A half a million year old human tooth was discovered in France in a place called Tautavel, one of Europe's most important prehistoric caves. Anthropologists hailed the discovery as an extremely important one, with chief researcher Tony Chevalier calling it a "major discovery".
Volunteer Camille, 16, was working with an archaeology student when they found the tooth. They are among the hundreds of archaeology trainees or volunteers come to dig out the Tautavel cave, searching for evidence of early human inhabitants.
Older human fossils are known in Europe (dating back to 1.2 million years ago), but this one bridges a gap in the fossil evidence in the Lower Paleolithic. Thousands of other finds were made in the same site, including tools and bones from animals, especially horses, reindeers and buffalos.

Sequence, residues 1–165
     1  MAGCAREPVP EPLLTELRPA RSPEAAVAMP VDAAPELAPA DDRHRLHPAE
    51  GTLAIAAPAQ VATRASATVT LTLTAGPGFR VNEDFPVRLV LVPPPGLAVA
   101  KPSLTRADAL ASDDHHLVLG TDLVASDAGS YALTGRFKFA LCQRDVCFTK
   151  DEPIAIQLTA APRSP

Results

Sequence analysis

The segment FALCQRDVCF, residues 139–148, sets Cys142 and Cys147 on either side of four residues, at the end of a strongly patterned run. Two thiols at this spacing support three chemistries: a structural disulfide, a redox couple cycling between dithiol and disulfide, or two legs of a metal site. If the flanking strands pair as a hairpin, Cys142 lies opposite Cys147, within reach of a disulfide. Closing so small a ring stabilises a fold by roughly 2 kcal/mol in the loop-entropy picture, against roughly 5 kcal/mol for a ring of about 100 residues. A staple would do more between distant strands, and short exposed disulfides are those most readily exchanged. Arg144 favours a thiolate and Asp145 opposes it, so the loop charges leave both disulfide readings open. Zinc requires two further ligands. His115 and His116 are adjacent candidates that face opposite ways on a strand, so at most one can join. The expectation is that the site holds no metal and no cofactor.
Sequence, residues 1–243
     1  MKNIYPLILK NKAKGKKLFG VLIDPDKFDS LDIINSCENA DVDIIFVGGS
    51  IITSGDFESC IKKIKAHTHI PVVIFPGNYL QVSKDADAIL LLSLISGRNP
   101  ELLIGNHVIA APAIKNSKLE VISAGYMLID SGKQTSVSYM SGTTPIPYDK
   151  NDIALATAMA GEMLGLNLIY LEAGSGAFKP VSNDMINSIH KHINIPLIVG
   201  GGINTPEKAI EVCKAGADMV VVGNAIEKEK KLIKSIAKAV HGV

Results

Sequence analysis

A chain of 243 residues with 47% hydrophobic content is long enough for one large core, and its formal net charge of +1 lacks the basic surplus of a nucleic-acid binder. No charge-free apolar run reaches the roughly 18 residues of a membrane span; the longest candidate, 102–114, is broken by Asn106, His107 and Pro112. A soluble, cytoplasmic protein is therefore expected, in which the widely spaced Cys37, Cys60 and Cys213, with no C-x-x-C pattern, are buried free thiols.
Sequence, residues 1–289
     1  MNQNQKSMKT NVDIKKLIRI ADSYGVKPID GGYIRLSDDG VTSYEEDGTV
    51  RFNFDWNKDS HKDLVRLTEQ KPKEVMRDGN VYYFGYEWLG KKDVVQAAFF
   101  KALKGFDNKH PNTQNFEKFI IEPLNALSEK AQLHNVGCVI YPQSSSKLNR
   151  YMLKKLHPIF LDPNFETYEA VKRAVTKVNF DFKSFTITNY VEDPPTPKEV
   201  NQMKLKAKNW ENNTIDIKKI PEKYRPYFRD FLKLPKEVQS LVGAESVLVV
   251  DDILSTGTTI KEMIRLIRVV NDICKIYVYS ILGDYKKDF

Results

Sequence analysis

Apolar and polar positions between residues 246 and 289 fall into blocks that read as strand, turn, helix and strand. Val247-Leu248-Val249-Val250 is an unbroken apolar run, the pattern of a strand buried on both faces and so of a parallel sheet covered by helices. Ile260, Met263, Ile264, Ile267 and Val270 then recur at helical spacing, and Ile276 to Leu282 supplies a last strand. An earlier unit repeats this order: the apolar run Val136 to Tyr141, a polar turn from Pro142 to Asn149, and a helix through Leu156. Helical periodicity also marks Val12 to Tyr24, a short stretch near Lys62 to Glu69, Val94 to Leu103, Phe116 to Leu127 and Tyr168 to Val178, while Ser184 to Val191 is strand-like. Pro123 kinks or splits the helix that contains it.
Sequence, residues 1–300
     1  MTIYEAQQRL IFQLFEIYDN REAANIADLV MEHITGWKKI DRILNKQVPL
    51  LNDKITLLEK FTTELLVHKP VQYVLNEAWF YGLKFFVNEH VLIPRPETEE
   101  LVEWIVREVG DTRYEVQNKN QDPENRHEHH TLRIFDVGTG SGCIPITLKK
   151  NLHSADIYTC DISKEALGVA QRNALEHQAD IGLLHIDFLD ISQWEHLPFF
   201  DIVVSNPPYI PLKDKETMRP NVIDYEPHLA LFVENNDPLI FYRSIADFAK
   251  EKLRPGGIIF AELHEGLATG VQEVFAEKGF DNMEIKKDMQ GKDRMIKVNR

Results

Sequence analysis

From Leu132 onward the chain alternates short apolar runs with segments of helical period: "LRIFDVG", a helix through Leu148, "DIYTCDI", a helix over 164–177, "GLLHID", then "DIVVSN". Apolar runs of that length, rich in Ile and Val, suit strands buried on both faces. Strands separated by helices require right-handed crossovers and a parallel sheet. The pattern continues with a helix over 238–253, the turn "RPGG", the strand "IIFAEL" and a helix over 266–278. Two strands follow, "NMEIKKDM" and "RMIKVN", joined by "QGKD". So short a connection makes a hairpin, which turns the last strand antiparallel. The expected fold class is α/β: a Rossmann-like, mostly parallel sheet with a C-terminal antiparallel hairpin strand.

"We believe these men have lived for a long time in the cave or have regularly come back into it," Chevalier said. "We also know that the area was quite cold at the time. It was a steppe, with no trees. There had to be some long periods with snow."
The owner of the tooth - a very worn lower incisor - lived during a much colder climate than today's; he and his people hunted horses, bisons and reindeer, and used tools. They took cover in caves.
"A large adult tooth - we can't say if it was from a male or female - was found during excavations of soil we know to be between 550,000 and 580,000 years old, because we used different dating methods," paleoanthropologist Amelie Viallet told the AFP news agency. "This is a major discovery because we have very few human fossils from this period in Europe," she said.